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|Born||September 4, 1783(1783-09-04)
|Died||February 6, 1864 (aged 80)
|Resting place||King’s Chapel cemetery, Boston (originally)|
|Other names||“Ice King”|
|Known for||established the Tudor Ice Company|
Frederic Tudor (September 4, 1783 – February 6, 1864) was known as Boston‘s “Ice King”, and was the founder of the Tudor Ice Company. During the early 19th Century, he made a fortune shipping ice to the Caribbean, Europe, and even as far away as India from sources of fresh water ice in New England.
Tudor ice was harvested at Walden Pond in Concord, Fresh Pond in Cambridge, Spy Pond in Arlington, Sandy Pond in Ayer, Horn Pond in Woburn, Lake Quannapowitt in Wakefield, Haggett’s Pond in Andover, Suntaug Lake in Lynnfield, Spot Pond and Doleful Pond in Stoneham, and Wenham Lake in Wenham (all places in Massachusetts).
Tudor was the third son of William Tudor, a wealthy Boston lawyer. Although his older brother William Tudor (1779-1830) would become one of Boston’s leading literary figures, Tudor spurned the chance to be educated at Harvard and from the age of 13 occupied himself with business. After a visit to the Caribbean, he decided he could make a fortune exporting ice from the ponds of Massachusetts.
In 1806 (age 23), Tudor bought his first brig Favorite to carry Fresh Pond ice 1,500 miles (2,400 km) from Boston to Martinique. It left dock on February 10, 1806 to the following report in the Boston Gazette: “No joke. A vessel has cleared at the Custom House for Martinique with a cargo of ice. We hope this will not prove a slippery speculation.” While he secured a cargo of ice, a vessel in which to ship it, and formulated his plan of attack, he sent his brother William and his cousin, James Savage, ahead to obtain a monopoly from the various governments of the islands. “We wish you to procure from the gov’ of Cuba a grant exclusive in which we offer you either to take a conces’ of half or procure the privilege for us & we engage to pay you one thousand dollars with reasonable charges, in obtaining it you however to determine which you will do & write to that effect as early as possible.” Although a considerable amount of the ice melted during the three-week journey south, he did manage to sell much of what remained on board for a loss of $4500 overall. However in the subsequent year Tudor had severe financial losses when three shipments to Havana in the brig Trident also resulted in a loss.
Tudor had his first profits in 1810 when his gross sales amounted to about $7400, then increasing to just short of $9000; but of that he only received $1000 due to the “villainous conduct” of his agent. At this point his personal debts far outweighed his income and he spent parts of 1812 and 1813 in debtor’s prison. By 1815, however, he had managed to borrow $2100, both to buy ice and to pay for a new ice-house in Havana. It was a double-shelled structure, twenty-five feet square on its outside dimension, nineteen feet square on the interior, and sixteen feet high, holding some 150 tons of ice. “Pursued by sheriffs to the very wharf,” in Boston, Tudor set sail for Havana on November 1, 1815.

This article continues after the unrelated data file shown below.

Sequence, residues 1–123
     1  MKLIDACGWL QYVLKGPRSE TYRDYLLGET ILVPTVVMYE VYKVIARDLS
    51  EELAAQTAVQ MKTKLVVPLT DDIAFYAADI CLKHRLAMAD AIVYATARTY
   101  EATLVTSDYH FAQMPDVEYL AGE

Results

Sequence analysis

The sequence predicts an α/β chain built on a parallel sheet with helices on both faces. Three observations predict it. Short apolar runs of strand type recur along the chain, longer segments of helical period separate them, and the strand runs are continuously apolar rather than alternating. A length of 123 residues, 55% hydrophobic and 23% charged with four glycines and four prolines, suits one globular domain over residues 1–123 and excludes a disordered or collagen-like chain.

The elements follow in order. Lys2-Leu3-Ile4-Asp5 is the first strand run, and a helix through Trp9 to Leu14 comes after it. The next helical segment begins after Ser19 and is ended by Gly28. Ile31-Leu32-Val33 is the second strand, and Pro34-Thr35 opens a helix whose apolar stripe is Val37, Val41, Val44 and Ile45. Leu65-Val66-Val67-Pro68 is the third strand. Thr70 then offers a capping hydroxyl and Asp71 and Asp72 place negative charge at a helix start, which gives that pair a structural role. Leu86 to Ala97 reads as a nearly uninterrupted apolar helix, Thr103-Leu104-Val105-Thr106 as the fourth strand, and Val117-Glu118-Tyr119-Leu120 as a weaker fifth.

By 1816, Tudor was shipping ice from Massachusetts to Cuba with ever-increasing efficiency and decided to try his hand at importing Cuban fruit to New York. In August of that year, he borrowed $3000 (at 40% interest) for a shipload of limes, oranges, bananas, and pears, preserving it with 15 tons of ice and 3 tons of hay. The experiment ended in disaster as virtually all the fruit rotted during the month-long voyage, leaving Tudor with several thousand dollars worth of new debt. Still, he pressed on, opening up new markets in three southern U.S. cities (Charleston, South Carolina, Savannah, Georgia, and New Orleans, Louisiana).
Tudor spent the next few years experimenting with various kinds of insulation. Ice was packed aboard ship with wood shavings, sawdust, or rice chaff on its outside surfaces to insulate it against heat. The blocks were also stacked together like well-fitted masonry. He constructed icehouses throughout the tropics and created a demand there for cold refreshments.
By 1825, Tudor was doing well with ice sales, but the difficulty of hand-cutting large blocks limited his company’s growth. However one supplier, Nathaniel Jarvis Wyeth, harnessed horses to a metal blade to cut ice. Wyeth’s ice plow made mass production a reality and allowed Tudor to more than triple his production.
In 1833, fellow Boston-based merchant Samuel Austin proposed a partnership for selling ice to India, then some 16,000 miles (26,000 km) and four months away from Massachusetts. On May 12, 1833 the brig Tuscany sailed from Boston for Calcutta, its hold filled with 180 tons of ice cut during the winter. When it approached the Ganges in September 1833, many believed the delivery was an elaborate joke, but the ship still had 100 tons of ice upon arrival. Over the next 20 years, Calcutta would become Tudor’s most lucrative destination, yielding an estimated $220,000 in profits.
However, in the early 1830s Tudor had also begun to speculate in coffee futures with his ice business as collateral. Initially, coffee prices did rise and Tudor made millions of dollars, but in 1834, Tudor fell more than a quarter-million dollars in debt, forcing him to re-focus on the ice trade. By then the ice business had expanded from New York up through Maine, and the construction of new railroad lines allowed the process of transporting ice to become more efficient. By the 1840s, ice was being shipped all over the world, and although Tudor was now just a small part of the trade, his profits allowed him to pay off his debts and resume living a comfortable existence.